I began intermittent fasting after reading Elijah Muhammad’s “How to Eat to Live”, in which he details the importance of ‘eating to live instead of living to eat’. It wasn’t my first time encountering the phrase ‘eating to live instead of living to eat’, meaning that we should seek to eat to sustain ourselves nutritionally instead of having our lives revolve around eating for the sake of eating. However, “How to Eat to Live”, makes a compelling argument as to the spiritual importance of being conscious of the foods that we consume.
Elijah Muhammad explains that Americans typically eat 3+ meals a day, out of habit instead of necessity. He further explains that the marketing industry has a vested interest in keeping the American consumer eating highly addictive over-processed foods.
The latest social media craze over the Popeyes chicken sandwich is proof of the advertising industries ability to whip the American public into a frenzy. The typical American lifestyle is rather sedentary and should incorporate fasting in order to maintain optimal health. Engaging in any type of fasting helps to cut the addiction to food and constant eating. Beyond intermittent fasting, Elijah Muhammad also stresses the importance of cooking our own natural un-processed foods — while also being careful to avoid any fried, sugary foods.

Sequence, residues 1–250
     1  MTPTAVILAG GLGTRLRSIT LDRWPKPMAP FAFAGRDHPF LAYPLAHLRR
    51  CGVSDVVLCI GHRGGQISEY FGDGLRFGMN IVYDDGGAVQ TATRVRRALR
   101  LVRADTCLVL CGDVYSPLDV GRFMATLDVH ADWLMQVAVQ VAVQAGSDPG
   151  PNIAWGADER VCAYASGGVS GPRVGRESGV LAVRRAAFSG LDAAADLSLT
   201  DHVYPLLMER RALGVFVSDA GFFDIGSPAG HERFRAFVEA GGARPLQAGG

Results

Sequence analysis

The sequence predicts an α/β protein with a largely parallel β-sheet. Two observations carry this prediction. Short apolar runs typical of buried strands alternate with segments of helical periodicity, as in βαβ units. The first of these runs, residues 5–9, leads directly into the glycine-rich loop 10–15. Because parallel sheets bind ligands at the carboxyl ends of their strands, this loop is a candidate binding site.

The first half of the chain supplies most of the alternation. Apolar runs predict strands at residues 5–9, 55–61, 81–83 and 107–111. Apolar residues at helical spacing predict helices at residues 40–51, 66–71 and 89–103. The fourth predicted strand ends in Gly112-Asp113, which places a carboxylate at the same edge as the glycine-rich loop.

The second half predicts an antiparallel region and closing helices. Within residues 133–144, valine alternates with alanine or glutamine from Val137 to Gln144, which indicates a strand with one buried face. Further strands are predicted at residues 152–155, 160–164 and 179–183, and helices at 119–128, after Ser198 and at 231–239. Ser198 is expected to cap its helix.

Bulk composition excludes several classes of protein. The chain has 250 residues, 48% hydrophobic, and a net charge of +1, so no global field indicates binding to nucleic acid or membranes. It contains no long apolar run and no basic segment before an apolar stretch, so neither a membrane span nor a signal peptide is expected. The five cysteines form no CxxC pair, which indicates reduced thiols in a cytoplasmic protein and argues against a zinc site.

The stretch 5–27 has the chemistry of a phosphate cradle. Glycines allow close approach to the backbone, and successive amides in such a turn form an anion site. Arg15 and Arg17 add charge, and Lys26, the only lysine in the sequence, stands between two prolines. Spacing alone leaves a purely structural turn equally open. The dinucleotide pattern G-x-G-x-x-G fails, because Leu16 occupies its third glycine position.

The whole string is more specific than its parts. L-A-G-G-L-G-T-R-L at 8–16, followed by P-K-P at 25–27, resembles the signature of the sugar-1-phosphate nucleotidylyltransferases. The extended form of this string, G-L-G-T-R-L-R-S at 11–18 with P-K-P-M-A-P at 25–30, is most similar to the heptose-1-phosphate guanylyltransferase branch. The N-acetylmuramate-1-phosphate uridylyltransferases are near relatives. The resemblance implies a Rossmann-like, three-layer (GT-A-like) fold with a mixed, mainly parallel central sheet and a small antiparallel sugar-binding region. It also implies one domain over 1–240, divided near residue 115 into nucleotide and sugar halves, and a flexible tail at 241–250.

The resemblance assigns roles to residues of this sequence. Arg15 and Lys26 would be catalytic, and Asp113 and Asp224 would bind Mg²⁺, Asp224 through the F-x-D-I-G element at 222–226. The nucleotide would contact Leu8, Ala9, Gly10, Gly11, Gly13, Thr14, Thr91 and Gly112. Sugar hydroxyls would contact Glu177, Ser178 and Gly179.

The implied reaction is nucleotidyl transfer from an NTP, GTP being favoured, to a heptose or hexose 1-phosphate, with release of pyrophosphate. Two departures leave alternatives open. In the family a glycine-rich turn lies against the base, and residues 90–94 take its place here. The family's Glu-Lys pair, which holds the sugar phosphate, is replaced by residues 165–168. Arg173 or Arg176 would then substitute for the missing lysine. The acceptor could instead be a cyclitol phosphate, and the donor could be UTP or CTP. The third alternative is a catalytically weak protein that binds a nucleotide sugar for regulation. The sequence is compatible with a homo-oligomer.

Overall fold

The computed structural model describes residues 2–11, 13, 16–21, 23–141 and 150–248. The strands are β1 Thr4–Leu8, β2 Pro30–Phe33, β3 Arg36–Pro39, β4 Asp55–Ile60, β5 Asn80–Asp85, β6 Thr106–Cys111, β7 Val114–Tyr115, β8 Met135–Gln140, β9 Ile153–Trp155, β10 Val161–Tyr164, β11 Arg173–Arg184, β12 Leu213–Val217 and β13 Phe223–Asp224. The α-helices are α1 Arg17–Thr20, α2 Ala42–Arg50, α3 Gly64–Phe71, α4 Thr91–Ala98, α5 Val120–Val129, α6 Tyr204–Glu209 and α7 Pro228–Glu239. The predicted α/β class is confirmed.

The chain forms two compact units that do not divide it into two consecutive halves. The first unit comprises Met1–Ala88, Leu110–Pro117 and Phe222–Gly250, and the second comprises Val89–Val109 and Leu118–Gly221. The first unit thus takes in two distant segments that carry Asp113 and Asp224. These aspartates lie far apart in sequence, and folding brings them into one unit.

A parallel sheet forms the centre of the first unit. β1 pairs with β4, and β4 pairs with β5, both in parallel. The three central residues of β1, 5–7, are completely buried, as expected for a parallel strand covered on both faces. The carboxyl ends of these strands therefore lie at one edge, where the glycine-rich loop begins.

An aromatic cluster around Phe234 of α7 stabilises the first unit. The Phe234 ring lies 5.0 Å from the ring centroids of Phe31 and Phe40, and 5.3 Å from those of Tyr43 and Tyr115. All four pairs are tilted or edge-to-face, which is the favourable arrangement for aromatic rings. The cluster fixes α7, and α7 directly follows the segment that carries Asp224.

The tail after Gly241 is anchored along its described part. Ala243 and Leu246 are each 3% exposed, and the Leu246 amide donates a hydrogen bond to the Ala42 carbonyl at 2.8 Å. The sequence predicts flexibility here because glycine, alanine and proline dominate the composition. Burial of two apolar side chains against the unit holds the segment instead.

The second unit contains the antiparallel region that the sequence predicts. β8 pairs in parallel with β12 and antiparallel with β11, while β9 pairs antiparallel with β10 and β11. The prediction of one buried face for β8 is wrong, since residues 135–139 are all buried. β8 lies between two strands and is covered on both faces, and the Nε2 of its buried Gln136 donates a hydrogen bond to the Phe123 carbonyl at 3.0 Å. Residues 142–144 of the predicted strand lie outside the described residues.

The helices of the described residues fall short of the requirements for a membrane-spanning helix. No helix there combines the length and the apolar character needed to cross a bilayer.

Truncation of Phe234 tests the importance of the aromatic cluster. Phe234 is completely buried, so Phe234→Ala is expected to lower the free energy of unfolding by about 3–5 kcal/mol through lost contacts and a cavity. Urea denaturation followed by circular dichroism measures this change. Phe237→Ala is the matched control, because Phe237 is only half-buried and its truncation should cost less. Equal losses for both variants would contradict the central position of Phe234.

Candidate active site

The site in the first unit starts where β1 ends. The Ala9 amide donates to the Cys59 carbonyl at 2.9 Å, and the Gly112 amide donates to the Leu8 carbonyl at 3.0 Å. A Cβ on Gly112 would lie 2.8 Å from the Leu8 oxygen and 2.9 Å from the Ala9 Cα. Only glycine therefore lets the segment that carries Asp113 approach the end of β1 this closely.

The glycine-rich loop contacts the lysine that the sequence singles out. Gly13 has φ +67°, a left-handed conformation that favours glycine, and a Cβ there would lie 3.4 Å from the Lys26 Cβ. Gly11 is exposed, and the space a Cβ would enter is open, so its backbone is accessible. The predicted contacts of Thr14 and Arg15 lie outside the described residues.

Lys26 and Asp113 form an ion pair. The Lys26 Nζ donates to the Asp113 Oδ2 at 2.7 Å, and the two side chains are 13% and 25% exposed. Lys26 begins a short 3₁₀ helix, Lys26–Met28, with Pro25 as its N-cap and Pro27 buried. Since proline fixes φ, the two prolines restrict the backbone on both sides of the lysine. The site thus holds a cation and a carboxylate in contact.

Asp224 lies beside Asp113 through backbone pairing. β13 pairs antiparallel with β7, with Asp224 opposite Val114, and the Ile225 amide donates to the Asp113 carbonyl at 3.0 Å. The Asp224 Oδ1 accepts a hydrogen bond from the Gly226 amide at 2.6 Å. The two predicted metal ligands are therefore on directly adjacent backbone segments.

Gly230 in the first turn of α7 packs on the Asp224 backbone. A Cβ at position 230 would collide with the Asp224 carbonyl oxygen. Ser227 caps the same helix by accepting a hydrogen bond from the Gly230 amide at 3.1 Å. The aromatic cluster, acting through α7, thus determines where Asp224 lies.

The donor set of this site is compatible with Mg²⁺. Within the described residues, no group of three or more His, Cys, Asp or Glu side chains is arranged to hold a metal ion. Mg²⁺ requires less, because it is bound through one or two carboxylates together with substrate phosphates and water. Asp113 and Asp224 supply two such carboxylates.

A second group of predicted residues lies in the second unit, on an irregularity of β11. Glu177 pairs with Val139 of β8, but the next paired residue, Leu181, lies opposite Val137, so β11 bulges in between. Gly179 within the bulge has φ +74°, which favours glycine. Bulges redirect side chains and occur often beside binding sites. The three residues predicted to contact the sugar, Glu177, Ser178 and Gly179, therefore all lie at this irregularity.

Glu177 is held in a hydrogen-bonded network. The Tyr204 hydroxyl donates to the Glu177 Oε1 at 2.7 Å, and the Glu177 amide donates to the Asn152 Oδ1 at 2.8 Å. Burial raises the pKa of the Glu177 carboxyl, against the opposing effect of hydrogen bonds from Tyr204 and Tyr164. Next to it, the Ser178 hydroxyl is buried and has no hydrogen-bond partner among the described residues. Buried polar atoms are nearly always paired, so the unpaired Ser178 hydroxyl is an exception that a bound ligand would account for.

When I first began fasting, I noticed that I wasn’t typically hungry in the morning but I had been forcing myself to eat breakfast because I’ve always heard that “breakfast is the most important meal of the day”. After a few months of fasting, I also noticed a significant increase in my overall energy levels and decreased appetite. I would typically consume my first meal of the day, anywhere between 2:00pm to 6:00pm, my body quickly adjusted to this type of intermittent fasting and I rarely experienced hunger prior to 5pm.
I eventually went back to a less rigid dietary schedule but the mental and physical effects of my time intermittent fasting have been long-lasting. Eating during a 4–6 hour time frame while abstaining from certain foods, required a deeper level of physical discipline and discernment.
I believe that fasting can create a bridge to higher levels of spiritual discipline and discernment. Of course, a bridge is just a means of getting from one place to another, the destination is entirely up to the traveler.